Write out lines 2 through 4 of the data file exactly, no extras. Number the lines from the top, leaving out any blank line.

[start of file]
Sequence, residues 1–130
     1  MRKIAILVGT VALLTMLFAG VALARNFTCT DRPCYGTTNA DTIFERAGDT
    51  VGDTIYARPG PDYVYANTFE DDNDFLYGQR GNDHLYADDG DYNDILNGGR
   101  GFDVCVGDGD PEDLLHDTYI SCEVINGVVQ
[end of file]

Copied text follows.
     1  MRKIAILVGT VALLTMLFAG VALARNFTCT DRPCYGTTNA DTIFERAGDT
    51  VGDTIYARPG PDYVYANTFE DDNDFLYGQR GNDHLYADDG DYNDILNGGR
   101  GFDVCVGDGD PEDLLHDTYI SCEVINGVVQ